All eleven advisors of the London drama school have quit in protest at Central St Martins' decision to halt admissions for two well-regarded courses, claiming there is a “sense of hostility” from administrators.
(c) John Sutton / CC BY-SA 2.0
The entire advisory council of the drama school at London’s Central St Martins (CSM) College has resigned, fearful that administrators plan to reduce the quality of provision for two successful courses.
CSM, a constituent college of the University of the Arts London, has suspended admissions for two programmes at its Drama Centre – the Bachelor of Arts in Acting and Master of Arts in Directing – for two years while it undertakes a review of their teaching, assessment practices, accessibility and culture.
The advisory council, which includes actor Helen McCrory and director Nikolai Foster, believes CSM has stopped recruiting for the courses so it can cut down on tuition time before more students are admitted: “This [review] process has been going on at other conservatoire-style acting courses. In none of those places is it considered necessary to suspend recruitment for one or two years,” the council Chair Chris Honer told ArtsProfessional.
“The only reason to do that is if you want to make radical changes. You don’t want to do that alongside another cohort who have had a much richer experience.”
UAL has told the council its fears are unfounded and based on misleading outside information. But Honer said the council resigned “based on what we have learned in meetings with staff at Central Saint Martins and statements that the college itself has made to us” over recent years.
‘Hostility’ towards programmes
Honer says the suspension made the council “very suspicious” of the college’s motives because of recurring suggestions the school takes up too much resource.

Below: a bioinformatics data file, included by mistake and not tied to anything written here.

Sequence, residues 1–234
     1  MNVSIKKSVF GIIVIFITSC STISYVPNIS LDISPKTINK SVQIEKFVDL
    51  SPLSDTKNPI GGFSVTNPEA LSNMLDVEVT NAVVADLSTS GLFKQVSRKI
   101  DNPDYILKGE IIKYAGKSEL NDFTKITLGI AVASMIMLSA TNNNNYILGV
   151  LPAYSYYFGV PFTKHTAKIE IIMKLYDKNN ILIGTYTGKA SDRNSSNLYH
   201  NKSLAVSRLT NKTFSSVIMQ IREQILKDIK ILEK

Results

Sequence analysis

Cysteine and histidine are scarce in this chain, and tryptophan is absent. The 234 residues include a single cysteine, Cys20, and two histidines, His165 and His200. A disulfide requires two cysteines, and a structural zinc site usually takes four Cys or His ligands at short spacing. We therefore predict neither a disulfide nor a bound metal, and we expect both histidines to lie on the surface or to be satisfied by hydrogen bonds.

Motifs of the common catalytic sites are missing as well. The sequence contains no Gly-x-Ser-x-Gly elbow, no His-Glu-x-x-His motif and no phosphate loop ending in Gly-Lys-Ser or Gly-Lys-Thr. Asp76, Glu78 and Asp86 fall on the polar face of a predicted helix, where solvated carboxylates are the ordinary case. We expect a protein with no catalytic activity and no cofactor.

Former students and tutors at the Drama Centre recently raised concerns that its management risks dismantling the school’s identity, alleging that course hours had already been cut. UAL reduced the space available for the courses in question three years ago, saying that the “current model of actor training is not without its issues and needs reconsidering in the context of contemporary teaching, values and acting practice”.
Honer said there is “a sense of hostility in Central Saint Martins to the values of the Drama Centre”. He added that the courses involve up to 30 hours of tuition time per week.
“If you’re going to train actors, in the same way that you’re going to train musicians or ballet dancers, they do need that. I think there is a feeling that Drama Centre students are overprivileged.”
Honer said that the courses as they stand are “highly successful”, with more than 1000 applicants a year, a 100% student satisfaction rate, and good outcomes for graduates.
‘A changing world’
A UAL spokesperson did not respond to the council’s claims of CSM’s hostility towards the current Drama Centre courses, but said admissions were suspended because of the “complexity and intensity of delivery on these courses and the need to find time and space to properly review the performance programme”.
While UAL describes the review as routine, the spokesperson confirmed that course admissions are normally suspended for routine reviews.
They added: “The university has been clear that the review of the performance programme is about culture and practice as well as the wellbeing of staff and students.
“Our review of actor training at Central Saint Martins is an open-ended process. We are engaged with external experts and distinguished alumni in framing the course ethos and conservatoire model within the contemporary context, including culture, practice, tradition and resources.
“The Drama Centre advisory council acknowledged the need for vocational courses to ‘respond to the changing world.’ This is one of the aims of the review, as is expanding our provision to reach new audiences.”